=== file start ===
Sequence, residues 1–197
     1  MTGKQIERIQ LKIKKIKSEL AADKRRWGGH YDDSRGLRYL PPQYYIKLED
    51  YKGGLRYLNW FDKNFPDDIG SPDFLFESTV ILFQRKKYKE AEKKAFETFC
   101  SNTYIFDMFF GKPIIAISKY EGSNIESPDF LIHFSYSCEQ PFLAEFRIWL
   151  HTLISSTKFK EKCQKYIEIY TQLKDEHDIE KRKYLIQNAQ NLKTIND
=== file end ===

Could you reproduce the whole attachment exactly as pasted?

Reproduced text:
Sequence, residues 1–197
     1  MTGKQIERIQ LKIKKIKSEL AADKRRWGGH YDDSRGLRYL PPQYYIKLED
    51  YKGGLRYLNW FDKNFPDDIG SPDFLFESTV ILFQRKKYKE AEKKAFETFC
   101  SNTYIFDMFF GKPIIAISKY EGSNIESPDF LIHFSYSCEQ PFLAEFRIWL
   151  HTLISSTKFK EKCQKYIEIY TQLKDEHDIE KRKYLIQNAQ NLKTIND